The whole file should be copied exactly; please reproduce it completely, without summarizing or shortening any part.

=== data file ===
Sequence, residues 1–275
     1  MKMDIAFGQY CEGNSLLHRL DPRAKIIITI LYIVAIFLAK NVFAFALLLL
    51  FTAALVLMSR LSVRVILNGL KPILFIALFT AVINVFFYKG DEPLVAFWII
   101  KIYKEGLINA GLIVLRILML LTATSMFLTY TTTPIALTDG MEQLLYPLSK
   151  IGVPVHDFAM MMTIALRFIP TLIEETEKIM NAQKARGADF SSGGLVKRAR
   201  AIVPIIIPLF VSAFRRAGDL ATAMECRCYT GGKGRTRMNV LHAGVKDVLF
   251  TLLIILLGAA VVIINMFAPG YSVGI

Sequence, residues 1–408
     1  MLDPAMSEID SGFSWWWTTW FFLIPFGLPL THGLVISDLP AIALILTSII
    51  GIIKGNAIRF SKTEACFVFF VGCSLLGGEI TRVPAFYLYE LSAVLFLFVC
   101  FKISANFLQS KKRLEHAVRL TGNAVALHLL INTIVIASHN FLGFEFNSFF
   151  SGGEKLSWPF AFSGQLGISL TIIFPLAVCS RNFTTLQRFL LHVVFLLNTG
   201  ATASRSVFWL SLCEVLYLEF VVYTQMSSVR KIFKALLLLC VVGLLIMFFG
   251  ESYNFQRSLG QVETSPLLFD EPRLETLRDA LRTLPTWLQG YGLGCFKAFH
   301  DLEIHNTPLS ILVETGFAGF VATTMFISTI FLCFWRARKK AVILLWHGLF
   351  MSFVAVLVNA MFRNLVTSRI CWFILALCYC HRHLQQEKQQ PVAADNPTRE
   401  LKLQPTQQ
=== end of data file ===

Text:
Sequence, residues 1–275
     1  MKMDIAFGQY CEGNSLLHRL DPRAKIIITI LYIVAIFLAK NVFAFALLLL
    51  FTAALVLMSR LSVRVILNGL KPILFIALFT AVINVFFYKG DEPLVAFWII
   101  KIYKEGLINA GLIVLRILML LTATSMFLTY TTTPIALTDG MEQLLYPLSK
   151  IGVPVHDFAM MMTIALRFIP TLIEETEKIM NAQKARGADF SSGGLVKRAR
   201  AIVPIIIPLF VSAFRRAGDL ATAMECRCYT GGKGRTRMNV LHAGVKDVLF
   251  TLLIILLGAA VVIINMFAPG YSVGI

Sequence, residues 1–408
     1  MLDPAMSEID SGFSWWWTTW FFLIPFGLPL THGLVISDLP AIALILTSII
    51  GIIKGNAIRF SKTEACFVFF VGCSLLGGEI TRVPAFYLYE LSAVLFLFVC
   101  FKISANFLQS KKRLEHAVRL TGNAVALHLL INTIVIASHN FLGFEFNSFF
   151  SGGEKLSWPF AFSGQLGISL TIIFPLAVCS RNFTTLQRFL LHVVFLLNTG
   201  ATASRSVFWL SLCEVLYLEF VVYTQMSSVR KIFKALLLLC VVGLLIMFFG
   251  ESYNFQRSLG QVETSPLLFD EPRLETLRDA LRTLPTWLQG YGLGCFKAFH
   301  DLEIHNTPLS ILVETGFAGF VATTMFISTI FLCFWRARKK AVILLWHGLF
   351  MSFVAVLVNA MFRNLVTSRI CWFILALCYC HRHLQQEKQQ PVAADNPTRE
   401  LKLQPTQQ